As of today, there have been no cases of Ebola detected in the city of Chicago. The Chicago Department of Public Health (CDPH) is closely monitoring the situation and working with local healthcare providers and national and international organizations to ensure that the city is prepared in the event of a potential outbreak.
Ebola is a highly infectious and deadly disease caused by a virus. The virus is transmitted to people from wild animals and spreads in the human population through human-to-human transmission. Symptoms include fever, severe headache, muscle pain, weakness, fatigue, diarrhea, vomiting, abdominal pain and unexplained hemorrhage. The average case fatality rate is around 50%. The World Health Organization (WHO) recommends early supportive care with rehydration, symptomatic treatment, and treatment of any complicating infections to improve survival. There is currently no licensed treatment proven to neutralize the virus but several drugs are being tested.
- Ebola is a highly infectious and deadly disease caused by a virus. It is transmitted through contact with the blood or bodily fluids of an infected person.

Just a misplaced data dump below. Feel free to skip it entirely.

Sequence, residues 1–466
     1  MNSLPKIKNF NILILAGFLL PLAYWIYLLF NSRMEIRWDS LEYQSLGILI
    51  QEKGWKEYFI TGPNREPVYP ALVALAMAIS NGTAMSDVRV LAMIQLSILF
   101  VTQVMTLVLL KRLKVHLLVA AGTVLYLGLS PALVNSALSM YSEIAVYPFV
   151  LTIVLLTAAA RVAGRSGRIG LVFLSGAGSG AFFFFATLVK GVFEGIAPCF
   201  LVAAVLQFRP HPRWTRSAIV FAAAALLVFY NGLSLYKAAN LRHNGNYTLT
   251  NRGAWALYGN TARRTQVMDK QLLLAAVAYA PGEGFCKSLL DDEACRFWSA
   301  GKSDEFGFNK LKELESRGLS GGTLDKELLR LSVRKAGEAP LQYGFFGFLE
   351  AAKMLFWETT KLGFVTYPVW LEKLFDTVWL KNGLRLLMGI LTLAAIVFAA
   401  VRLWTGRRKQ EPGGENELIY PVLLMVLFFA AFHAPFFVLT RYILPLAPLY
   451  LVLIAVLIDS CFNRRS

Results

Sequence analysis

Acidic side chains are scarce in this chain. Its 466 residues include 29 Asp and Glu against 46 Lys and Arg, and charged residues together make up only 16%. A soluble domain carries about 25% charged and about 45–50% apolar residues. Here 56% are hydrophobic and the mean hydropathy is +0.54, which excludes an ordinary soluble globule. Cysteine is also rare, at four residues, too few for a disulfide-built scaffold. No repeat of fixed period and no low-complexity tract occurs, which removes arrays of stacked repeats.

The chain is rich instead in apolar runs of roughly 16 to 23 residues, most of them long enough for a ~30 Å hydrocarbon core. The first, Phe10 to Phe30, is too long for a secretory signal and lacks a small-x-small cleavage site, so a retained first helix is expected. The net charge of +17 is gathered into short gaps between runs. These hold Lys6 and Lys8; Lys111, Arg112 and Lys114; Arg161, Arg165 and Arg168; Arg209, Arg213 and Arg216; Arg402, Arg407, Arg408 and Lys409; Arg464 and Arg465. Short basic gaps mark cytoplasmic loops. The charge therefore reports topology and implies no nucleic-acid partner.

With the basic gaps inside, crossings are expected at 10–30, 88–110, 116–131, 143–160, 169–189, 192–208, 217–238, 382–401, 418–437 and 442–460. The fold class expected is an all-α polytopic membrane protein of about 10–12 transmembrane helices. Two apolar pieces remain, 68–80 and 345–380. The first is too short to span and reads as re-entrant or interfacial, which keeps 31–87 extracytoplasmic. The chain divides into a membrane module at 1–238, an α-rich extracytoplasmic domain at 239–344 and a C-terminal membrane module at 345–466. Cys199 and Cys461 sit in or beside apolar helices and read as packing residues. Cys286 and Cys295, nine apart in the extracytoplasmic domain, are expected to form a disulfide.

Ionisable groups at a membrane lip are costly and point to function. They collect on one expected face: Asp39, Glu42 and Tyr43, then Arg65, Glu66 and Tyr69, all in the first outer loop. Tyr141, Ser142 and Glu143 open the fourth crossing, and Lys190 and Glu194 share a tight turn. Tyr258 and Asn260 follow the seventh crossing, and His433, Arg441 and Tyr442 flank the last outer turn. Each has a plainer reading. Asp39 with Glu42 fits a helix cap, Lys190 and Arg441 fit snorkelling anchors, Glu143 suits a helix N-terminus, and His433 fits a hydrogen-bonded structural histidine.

- The largest recent Ebola outbreak occurred in the Democratic Republic of Congo (DRC) and was declared over on June 25, 2020 by the World Health Organization (WHO). There was also a recent outbreak in Uganda that ended.
- There have been no reported cases of Ebola in the United States since the 2014 outbreak in Texas.
- The CDPH is actively monitoring the situation in Uganda and other countries where Ebola is present.
- The CDPH is working with local healthcare providers to ensure that they are prepared to recognize and respond to potential cases of Ebola.
- The CDPH is also working with national and international organizations, such as the Centers for Disease Control and Prevention (CDC) and WHO, to stay informed about the latest developments and recommendations for preventing the spread of Ebola.
Prevention and Control Measures
- The CDPH is reminding the public to take the following precautions to reduce the risk of infection:
- Avoiding contact with blood and bodily fluids of infected individuals
- Avoiding close contact with wild animals and consuming their raw or undercooked meat
- Practicing good hygiene, such as washing hands frequently with soap and water
- The CDPH is also reminding healthcare providers to:
- Be aware of the symptoms of Ebola and know how to properly diagnose and isolate potential cases
- Follow proper infection control and prevention protocols
The CDPH is closely monitoring the situation and working to ensure that the city of Chicago is prepared to respond to a potential outbreak of Ebola. The public is reminded to take precautions to reduce the risk of infection and to seek medical attention if experiencing symptoms of Ebola.